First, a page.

Eventually, this will lead to code forks. The mainstream folks will be disatisfied that their wiz-bang DRM etc didn't make it into the software, so they'll all agree to make their own version. And they'll have the marketing to sell it. Sure, it will still be Open Source. And it will still be popular. But it won't be Free.

    That's precisely why RMS is worried about the term Open Source subverting the term Free Software: the fundamental point is lost. And, hence, Open Source is destined to be nothing more than a brief break between this Microsoft, and the next one.
  • Re:funding? (Score:1, Interesting)

    by Anonymous Coward on Sunday July 18, 2004 @06:43AM (#9730034)
    Of course. Look at the kernel changelog. Search for SuSE. They got many people on their paylists that do kernelwork and quite a bunch of KDE staff. Other distributor should so as well and there are also other firms (big players and small fishes) that allow OpS developers to spend a part of their worktime to GPL/...-Projects.
    But I don't kno about Gouvernments. Many people only see the cost free but not the code free in the OpS Movement.
  • by Anonymous Coward on Sunday July 18, 2004 @07:26AM (#9730128)
    Anonymous for a reason. As a tester on IBM's xSeries servers in one of their large labs, our focus is on RHEL & SuSe (Novell) offerings. Yes, we still go through the motions with M$ but there is a concerted effort on supported versions of Linux. The desktops are being migrated to Linux as well. Recently a lab was set up in Taiwan to mirror the efforts here in the states. Read the writing on the wall as you wish.
  • by zogger ( 617870 ) on Sunday July 18, 2004 @08:28AM (#9730250) Homepage Journal
    ... in the Islamic countries to try and create their own economies not based on pure interaction with the west. The World Islamic Trading Organisation [] is partly behind these trends in a way. They are seeking to develop sustainable economies not so directly tied to non Islamic nations and concepts, such as fiat(phoney) currency and usury based banking. Free software would naturally fit into this goal, as it can be "theirs" without a single legal hassle and it's just as good and freer to use, along with eventually replacing the US dollar as the worlds reserve currency,and especially in the Islamic nations as "the" currency. They created and are starting to use the Islamic gold Dinar and the silver Dirham [] for this purpose. They need software, and wanting to just divest themselves from the necessity of shipping cash to redmond and other closed source places in the west, plus to encourage local production and identity, it just makes sense for them to discourage (eventually) even the use of pirated software and just go open source. It follows their goals exactly in other words. There is a transition period that will occur,of course, but eventually it will happen almost completely. MS= USA in their minds, so they know it's not in their best interests to fund them. they will take what they will take, but they have no overwhelming desitre to keep paying the west for all the "things" they need, now that they can see the non western nations are really where all the "stuff" comes from, and that they the Islamics own the bulk of the worlds recoverable energy in the form of oil reserves. You are watching what in essence is a huge divorce in progress, that is occurring in many nations. It's just now really starting to take off, I expect it to increase exponentially in the coming years.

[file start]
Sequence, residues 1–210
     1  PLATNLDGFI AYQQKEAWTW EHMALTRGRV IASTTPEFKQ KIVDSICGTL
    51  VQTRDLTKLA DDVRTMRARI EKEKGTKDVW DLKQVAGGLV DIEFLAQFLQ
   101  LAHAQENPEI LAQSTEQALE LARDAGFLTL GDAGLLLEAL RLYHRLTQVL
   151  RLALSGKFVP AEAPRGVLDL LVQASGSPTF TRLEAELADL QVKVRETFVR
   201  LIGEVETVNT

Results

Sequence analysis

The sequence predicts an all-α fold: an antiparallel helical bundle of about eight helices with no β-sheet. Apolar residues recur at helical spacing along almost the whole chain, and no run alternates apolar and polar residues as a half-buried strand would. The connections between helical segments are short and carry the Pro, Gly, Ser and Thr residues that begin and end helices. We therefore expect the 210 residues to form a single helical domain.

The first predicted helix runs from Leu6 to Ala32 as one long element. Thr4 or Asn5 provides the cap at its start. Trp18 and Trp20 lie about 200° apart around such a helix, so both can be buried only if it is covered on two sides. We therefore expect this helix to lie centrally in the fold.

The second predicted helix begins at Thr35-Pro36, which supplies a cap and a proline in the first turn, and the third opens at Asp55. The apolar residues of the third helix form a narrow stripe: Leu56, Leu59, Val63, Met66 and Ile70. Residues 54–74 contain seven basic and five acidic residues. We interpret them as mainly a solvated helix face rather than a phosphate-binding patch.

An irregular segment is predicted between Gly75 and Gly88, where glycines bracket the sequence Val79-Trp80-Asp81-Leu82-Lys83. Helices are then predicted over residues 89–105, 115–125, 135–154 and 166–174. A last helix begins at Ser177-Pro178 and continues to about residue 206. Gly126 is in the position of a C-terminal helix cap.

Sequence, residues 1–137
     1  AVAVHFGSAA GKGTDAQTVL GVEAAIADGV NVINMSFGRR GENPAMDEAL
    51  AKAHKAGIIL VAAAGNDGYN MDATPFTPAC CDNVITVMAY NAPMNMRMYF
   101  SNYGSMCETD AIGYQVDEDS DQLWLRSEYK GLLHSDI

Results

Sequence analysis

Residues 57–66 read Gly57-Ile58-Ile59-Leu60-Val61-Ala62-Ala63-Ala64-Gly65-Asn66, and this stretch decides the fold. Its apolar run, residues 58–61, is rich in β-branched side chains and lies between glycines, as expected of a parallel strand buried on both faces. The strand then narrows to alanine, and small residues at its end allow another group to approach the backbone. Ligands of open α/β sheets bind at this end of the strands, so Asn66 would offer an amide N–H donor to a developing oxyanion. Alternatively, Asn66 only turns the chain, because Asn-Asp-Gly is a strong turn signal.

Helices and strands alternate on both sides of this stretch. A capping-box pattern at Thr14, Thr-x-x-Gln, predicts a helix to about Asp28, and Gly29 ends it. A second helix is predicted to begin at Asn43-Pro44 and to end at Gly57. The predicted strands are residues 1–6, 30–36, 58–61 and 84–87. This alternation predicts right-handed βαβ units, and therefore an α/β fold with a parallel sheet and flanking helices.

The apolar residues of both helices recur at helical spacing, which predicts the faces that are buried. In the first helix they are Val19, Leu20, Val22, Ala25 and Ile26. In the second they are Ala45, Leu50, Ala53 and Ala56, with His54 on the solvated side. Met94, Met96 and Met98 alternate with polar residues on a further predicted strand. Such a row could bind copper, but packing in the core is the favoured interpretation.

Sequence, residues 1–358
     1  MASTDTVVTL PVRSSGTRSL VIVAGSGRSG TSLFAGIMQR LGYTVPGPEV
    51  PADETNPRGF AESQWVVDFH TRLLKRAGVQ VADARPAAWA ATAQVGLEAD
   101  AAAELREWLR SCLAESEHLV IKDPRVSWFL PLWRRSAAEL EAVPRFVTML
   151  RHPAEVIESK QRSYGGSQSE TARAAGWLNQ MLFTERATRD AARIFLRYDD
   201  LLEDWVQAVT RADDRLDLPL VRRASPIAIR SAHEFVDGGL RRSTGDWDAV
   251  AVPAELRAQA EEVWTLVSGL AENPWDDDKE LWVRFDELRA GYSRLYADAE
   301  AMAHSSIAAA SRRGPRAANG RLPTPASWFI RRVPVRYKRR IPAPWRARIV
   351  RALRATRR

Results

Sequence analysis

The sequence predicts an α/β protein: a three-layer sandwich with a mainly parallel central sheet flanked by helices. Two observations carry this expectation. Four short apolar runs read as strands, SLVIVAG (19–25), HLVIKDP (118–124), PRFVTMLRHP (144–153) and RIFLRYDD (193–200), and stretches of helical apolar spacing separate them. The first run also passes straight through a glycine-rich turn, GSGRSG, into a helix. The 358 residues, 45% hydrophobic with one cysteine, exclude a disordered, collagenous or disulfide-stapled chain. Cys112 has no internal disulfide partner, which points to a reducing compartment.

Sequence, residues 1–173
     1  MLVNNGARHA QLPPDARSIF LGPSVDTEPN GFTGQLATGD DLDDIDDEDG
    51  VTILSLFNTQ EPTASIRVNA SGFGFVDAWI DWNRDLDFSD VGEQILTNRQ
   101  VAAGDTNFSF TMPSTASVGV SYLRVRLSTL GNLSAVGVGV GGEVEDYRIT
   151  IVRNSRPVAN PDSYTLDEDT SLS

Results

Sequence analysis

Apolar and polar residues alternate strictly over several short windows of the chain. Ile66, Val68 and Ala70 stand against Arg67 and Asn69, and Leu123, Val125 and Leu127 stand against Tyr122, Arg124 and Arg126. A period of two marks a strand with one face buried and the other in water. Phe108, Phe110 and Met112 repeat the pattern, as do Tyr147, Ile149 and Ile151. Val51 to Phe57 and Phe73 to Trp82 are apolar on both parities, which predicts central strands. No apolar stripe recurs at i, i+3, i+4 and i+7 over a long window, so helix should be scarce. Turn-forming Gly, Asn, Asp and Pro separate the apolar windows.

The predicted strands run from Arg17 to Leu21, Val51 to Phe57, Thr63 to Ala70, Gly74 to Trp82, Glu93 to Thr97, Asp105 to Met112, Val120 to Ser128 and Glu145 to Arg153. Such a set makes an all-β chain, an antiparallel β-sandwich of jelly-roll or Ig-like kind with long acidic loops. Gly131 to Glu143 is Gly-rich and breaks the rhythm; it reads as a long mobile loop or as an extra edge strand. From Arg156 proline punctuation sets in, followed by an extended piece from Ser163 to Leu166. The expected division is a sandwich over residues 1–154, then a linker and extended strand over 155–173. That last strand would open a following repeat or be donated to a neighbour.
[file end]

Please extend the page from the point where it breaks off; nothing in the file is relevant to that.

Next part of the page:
• by WarMonkey ( 721558 ) on Sunday July 18, 2004 @09:52AM (#9730523)

    The poster asks:

    Does that make Open Source unpatriotic?

    In large part, that depends on your definition of patrriotism.

    The US was born from and originally dedicated to rebellion against undue authority. Now, on a global basis, the US government attempts (somewhat successfully) to BE the undue authority. This course of action is not in the interests of the typical American, so there's a compelling case that anything frustrating those aims of the US government is, in fact, far more profoundly and genuinely patriotic than the mindless drive for Empire.